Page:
EXEC msdb.dbo.sp_add_jobstep @job_name = N'Demo job' , @step_name = N'SSIS job step' , @subsystem = N'SSIS' , @command = N'/ISSERVER "\"\SSISDB\MyNewFolder\HandlingPasswords\ClassicApproach.dtsx\"" /SERVER "\".\dev2014\"" /ENVREFERENCE 1 /Par "\"$ServerOption::LOGGING_LEVEL(Int16)\"";1 /Par "\"$ServerOption::SYNCHRONIZED(Boolean)\"";True /CALLERINFO SQLAGENT /REPORTING E'
- The Command is obviously the important piece.
- We are running the package
- Run this on the current server with an instance of Dev2014
- Use Environment reference 1
- We use the standard logging level.
- This is a Synchronous call meaning that the Agent will wait until the package completes before going to the next step
You’ll notice all of the above was nice and specified text strings instead of random integer values, except for our Environment Reference. That’s because you can have the same textual name for an environment in multiple folders. Similar to how you could deploy the same project to multiple folders but for whatever reason, the SSIS devs chose to provide fully qualified paths to a package while we use “random” integer values. To determine your environment ID, you can either run the following query
SELECT ER.reference_id AS ReferenceId , E.name AS EnvironmentName , F.name AS FolderName , P.name AS ProjectName FROM SSISDB.catalog.environments AS E INNER JOIN SSISDB.catalog.folders AS F ON F.folder_id = E.folder_id INNER JOIN SSISDB.catalog.projects AS P ON P.folder_id = F.folder_id INNER JOIN SSISDB.catalog.environment_references AS ER ON ER.project_id = P.project_id ORDER BY ER.reference_id;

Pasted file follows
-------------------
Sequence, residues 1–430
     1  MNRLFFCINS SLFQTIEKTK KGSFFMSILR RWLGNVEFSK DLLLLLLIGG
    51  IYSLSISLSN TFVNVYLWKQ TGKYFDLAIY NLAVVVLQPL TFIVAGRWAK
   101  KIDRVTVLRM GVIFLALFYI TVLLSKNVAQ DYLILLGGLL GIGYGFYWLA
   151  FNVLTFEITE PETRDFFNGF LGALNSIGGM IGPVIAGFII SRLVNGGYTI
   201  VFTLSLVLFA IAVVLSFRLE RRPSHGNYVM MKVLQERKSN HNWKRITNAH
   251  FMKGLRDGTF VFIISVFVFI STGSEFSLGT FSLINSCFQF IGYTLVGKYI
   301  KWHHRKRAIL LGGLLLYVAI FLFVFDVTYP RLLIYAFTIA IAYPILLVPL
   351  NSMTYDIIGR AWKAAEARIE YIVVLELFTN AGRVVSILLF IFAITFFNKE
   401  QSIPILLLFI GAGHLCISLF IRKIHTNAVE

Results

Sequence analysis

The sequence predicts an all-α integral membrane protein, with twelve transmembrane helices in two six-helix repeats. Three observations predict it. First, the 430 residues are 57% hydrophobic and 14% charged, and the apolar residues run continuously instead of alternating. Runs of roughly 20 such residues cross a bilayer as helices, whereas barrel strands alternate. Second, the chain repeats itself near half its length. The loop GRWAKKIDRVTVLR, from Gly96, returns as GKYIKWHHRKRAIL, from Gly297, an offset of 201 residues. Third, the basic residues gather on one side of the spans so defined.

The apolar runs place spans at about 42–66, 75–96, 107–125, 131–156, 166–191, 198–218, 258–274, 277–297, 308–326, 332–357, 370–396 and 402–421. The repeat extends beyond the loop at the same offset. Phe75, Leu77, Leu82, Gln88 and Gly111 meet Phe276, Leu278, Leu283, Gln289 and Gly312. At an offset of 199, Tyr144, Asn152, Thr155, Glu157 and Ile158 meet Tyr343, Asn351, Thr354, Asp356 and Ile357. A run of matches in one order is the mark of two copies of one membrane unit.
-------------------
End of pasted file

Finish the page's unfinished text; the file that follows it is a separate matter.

Or explore the Integration Services Catalog under Folder/Environments and double click the desired Environment. In the resulting Environment Properties window, the Name and Identifier will be greyed out and it is the
Identifier property value that you need to use in your SQL Agent’s job step command for the
If you’re careful and save every thing the wizard does for you, you have only 1 thing that must be changed when migrate changes throughout your environment. This will lead to clean, smooth, repeatable migration processes and you wondering why you’d ever want to go back to XML files or any other configuration approach.
If you are looking for a no-code solution for this, you can try SSIS Catalog Migration Wizard from Visual Studio Marketplace.
You can migrate SSIS projects, environments, environment references, default values of project and package parameters, etc. from selected catalog folders to other servers or even to Azure SSIS runtime.